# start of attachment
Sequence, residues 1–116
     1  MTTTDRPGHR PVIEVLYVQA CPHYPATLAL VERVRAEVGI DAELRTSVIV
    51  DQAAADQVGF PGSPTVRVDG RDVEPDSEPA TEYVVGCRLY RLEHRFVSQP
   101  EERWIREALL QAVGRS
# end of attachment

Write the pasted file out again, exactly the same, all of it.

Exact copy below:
Sequence, residues 1–116
     1  MTTTDRPGHR PVIEVLYVQA CPHYPATLAL VERVRAEVGI DAELRTSVIV
    51  DQAAADQVGF PGSPTVRVDG RDVEPDSEPA TEYVVGCRLY RLEHRFVSQP
   101  EERWIREALL QAVGRS